In a previous post we reported on taking Regie the Renault in 1996 to the 50th anniversary celebrations for the Renault 4cv. Well Renault also choose to celebrate this significant date in their history in another way, by producing a ‘modern’ version of the 4cv – The Renault Fiftie which was ‘launched’ at the 1996 Geneva Motorshow.
We were very excited about this and had hoped to see it at the anniversary celebrations but unfortunately it was on display elsewhere. We did manage to get a look at it, at the Goodwood Festival of Speed the following year and thought it looked even better in the ‘flesh’. We have seen it again since at Retromobile. This was the first of the ‘rebirth classics’ – a new car designed based on a loved classic, it was followed by designs for the new VW Beetle, BMW Mini and of course the Fiat 500. Unfortunately unlike the rest, the Fiftie was never put into manufacture, although the prototype was a fully functioning car. The all new mid-mounted 1.2l engine survived and made it into production in the Twingo and Cleo.
Designed by Benoit Jacob under the direction of Patrick le Quement, Renault’s vice president of corporate design, the Fiftie was built on a cutting edge carbon fibre and aluminium platform lifted from the Renault Spider. The body work drew heavily on it’s predecessor with a three slat ‘Moustache’ front grill, a pointed front end, curves, rear louvers with the overall shape also bearing a passing resemblance to the 4cv. The prototype was even in yellow in honour of the original little ‘butter pat’ as the early yellow 4cv’s were known. The wheels were inspired by the ‘star’ wheels of the early 4cv complete with the air vents in the rear wheel arch and added to the period look.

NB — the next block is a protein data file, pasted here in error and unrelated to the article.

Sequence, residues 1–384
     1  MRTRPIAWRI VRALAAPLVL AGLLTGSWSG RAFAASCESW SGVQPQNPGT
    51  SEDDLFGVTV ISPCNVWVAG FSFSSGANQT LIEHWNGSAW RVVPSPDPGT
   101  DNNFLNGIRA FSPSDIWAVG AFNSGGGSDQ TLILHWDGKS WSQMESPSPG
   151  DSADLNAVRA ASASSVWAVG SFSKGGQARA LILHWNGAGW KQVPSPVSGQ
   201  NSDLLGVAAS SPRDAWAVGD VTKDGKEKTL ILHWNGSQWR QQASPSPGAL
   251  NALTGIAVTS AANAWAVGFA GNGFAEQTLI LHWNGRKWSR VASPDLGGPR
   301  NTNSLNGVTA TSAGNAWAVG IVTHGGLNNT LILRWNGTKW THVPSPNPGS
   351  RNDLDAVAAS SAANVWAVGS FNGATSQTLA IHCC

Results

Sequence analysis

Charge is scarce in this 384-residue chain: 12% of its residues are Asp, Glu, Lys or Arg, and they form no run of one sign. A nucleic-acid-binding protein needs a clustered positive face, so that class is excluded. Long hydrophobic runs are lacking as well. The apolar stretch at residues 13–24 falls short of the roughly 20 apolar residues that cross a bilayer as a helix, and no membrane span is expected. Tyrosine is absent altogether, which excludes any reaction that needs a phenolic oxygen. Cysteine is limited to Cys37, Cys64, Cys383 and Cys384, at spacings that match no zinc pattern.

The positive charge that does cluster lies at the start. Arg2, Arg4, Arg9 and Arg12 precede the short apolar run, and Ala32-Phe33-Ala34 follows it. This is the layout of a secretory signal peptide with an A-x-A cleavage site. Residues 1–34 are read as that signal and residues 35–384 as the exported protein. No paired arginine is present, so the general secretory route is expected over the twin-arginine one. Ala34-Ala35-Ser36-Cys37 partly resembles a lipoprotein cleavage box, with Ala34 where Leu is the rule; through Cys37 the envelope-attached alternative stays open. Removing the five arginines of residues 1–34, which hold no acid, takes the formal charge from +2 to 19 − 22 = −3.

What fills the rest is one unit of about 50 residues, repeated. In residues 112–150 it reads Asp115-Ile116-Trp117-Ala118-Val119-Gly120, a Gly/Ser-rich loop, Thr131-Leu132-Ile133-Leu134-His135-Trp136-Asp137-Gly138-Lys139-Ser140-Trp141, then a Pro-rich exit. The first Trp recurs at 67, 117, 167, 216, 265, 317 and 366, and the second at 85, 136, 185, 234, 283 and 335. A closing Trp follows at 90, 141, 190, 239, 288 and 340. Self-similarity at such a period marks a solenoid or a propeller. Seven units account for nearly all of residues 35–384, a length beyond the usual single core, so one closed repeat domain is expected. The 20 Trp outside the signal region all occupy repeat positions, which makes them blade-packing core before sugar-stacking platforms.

Inside the design was utilitarian in the spirit of its ancestor with linoleum on the floor and linen and wickerwork upholstery but the dashboard was something much more futuristic with a large screen mounted in the middle of the dashboard that grouped the car’s entertainment, climate control, driver assistance and telephone functions into a single unit. The seats were fixed with the steering wheel and pedals being adjustable. The roof was in four removable panels that could be stored under the rear window so the Fiftie was a decoverable – just like Regie! The design included a wicker picnic basket hidden in the boot.
The contemporary, fun, Fiftie received very good reviews at the time with people loving the mix of past and future, it’s happy go lucky attitude and cute but dynamic styling but the carbon-fibre body was expensive – the one off was reputed to have cost £3 million and was too costly to put into production and so the Fiftie remains just another one of Renault’s wonderful concept cars. Looking today of the huge success of the ‘retro’ remakes of the Beetle, Fiat 500 and Mini one can’t but help wonder if this was a costly mistake by Renault, especially as nearly 20 years on it still looks up to date. We for one would have loved one!